Wed. Sep 27th, 2023
    Miguel Rosales: Transforming Cities through Bridge Design

    Miguel Rosales, an immigrant from Guatemala and a gay architect, has made a significant impact on the skylines of major cities around the world through his bridge designs. He believes that bridges have the power to transform and connect communities, and his work focuses on creating bridges that are both functional and aesthetically pleasing.

    One of Rosales’ notable projects is the Leonard P. Zakim Bunker Hill Memorial Bridge in Boston, Massachusetts. Completed in 2003, this bridge features two inverted Y-shaped towers that resemble delicate string instruments. Its elegant and modern design has made it an iconic structure in the city.

    Rosales’ journey to becoming a recognized architect was not without challenges. After immigrating to the United States in 1985, he pursued his passion for infrastructure and studied urban and environmental design at the Massachusetts Institute of Technology (MIT). Determined to understand what makes great infrastructure, Rosales traveled to Europe to study bridges and significant public works projects.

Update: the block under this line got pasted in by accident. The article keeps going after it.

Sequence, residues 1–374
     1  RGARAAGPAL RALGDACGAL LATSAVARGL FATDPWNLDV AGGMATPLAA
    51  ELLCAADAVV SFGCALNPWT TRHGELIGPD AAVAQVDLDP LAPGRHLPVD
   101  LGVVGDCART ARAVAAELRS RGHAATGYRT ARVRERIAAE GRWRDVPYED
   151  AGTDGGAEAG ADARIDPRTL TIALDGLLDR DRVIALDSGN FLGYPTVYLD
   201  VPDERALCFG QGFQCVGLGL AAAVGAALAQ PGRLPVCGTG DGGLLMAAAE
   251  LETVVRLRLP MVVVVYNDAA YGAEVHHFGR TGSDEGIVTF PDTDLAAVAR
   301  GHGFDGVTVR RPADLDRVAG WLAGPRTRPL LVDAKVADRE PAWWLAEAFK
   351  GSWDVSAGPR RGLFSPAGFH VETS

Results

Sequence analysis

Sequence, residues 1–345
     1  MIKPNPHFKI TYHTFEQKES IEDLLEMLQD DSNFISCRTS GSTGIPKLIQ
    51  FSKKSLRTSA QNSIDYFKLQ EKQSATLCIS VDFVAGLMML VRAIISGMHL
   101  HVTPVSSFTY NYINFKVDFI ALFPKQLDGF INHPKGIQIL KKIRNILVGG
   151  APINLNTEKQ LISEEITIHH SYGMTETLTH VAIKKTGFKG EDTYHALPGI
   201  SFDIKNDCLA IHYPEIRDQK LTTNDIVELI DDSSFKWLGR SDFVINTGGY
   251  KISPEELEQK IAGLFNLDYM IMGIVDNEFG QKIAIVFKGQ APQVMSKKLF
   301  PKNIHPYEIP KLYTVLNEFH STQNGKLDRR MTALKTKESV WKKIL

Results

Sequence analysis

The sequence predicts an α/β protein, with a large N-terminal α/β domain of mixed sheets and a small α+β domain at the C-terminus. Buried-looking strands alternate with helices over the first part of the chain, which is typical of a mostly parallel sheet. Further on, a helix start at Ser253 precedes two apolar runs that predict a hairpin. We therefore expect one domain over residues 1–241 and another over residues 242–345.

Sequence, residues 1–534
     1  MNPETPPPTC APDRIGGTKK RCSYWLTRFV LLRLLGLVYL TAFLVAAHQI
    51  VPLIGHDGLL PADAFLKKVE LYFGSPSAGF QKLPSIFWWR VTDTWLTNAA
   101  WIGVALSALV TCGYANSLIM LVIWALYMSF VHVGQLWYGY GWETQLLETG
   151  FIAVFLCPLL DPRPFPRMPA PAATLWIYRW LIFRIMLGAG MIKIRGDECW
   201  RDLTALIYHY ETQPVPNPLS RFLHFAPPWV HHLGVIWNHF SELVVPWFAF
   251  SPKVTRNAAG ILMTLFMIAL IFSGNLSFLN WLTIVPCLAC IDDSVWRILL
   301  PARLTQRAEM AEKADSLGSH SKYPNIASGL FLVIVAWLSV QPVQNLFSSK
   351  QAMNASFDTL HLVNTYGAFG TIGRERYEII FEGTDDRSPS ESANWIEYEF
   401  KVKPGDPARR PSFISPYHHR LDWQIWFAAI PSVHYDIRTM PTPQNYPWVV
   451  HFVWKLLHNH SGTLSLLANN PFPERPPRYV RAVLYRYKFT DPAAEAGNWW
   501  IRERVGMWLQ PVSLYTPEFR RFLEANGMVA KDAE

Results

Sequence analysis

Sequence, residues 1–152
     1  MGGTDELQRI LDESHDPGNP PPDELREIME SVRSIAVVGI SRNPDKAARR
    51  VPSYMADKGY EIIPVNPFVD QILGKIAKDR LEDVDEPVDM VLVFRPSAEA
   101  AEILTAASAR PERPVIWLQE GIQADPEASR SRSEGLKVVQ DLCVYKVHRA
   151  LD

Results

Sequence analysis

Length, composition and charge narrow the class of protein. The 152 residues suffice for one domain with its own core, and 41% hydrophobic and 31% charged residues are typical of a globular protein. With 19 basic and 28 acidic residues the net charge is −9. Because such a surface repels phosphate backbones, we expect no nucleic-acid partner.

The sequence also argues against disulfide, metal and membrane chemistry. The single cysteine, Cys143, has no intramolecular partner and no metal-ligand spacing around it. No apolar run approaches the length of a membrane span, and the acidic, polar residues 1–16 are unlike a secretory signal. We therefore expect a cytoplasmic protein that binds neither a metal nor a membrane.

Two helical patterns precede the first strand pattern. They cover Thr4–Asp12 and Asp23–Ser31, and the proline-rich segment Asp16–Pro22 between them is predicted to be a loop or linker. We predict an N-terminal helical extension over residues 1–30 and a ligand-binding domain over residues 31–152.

In the early 1990s, Rosales was appointed the lead architect for the bridge that would connect Charlestown to West End in Boston. The original design of the bridge received criticism for being an “ugly monster.” However, Rosales envisioned an elegant and modern bridge that would transform the neglected area and blend well with the surrounding marine environment.

    With the help of Swiss engineer Christian Menn, Rosales proposed a cable-stayed bridge design for the project. The Leonard P. Zakim Bunker Hill Memorial Bridge, with its cable-supported structure, was completed in 2003 and quickly became one of Boston’s most iconic landmarks.

    The bridge represents the tension between the old and the new in an ancient city like Boston. It signifies the acceptance of modern architecture by the city while celebrating its colonial traditions. Rosales’ bridge designs continue to exemplify the power of infrastructure to connect communities and transform cities.

    – Linked article (not available)
    – Personal interview with Miguel Rosales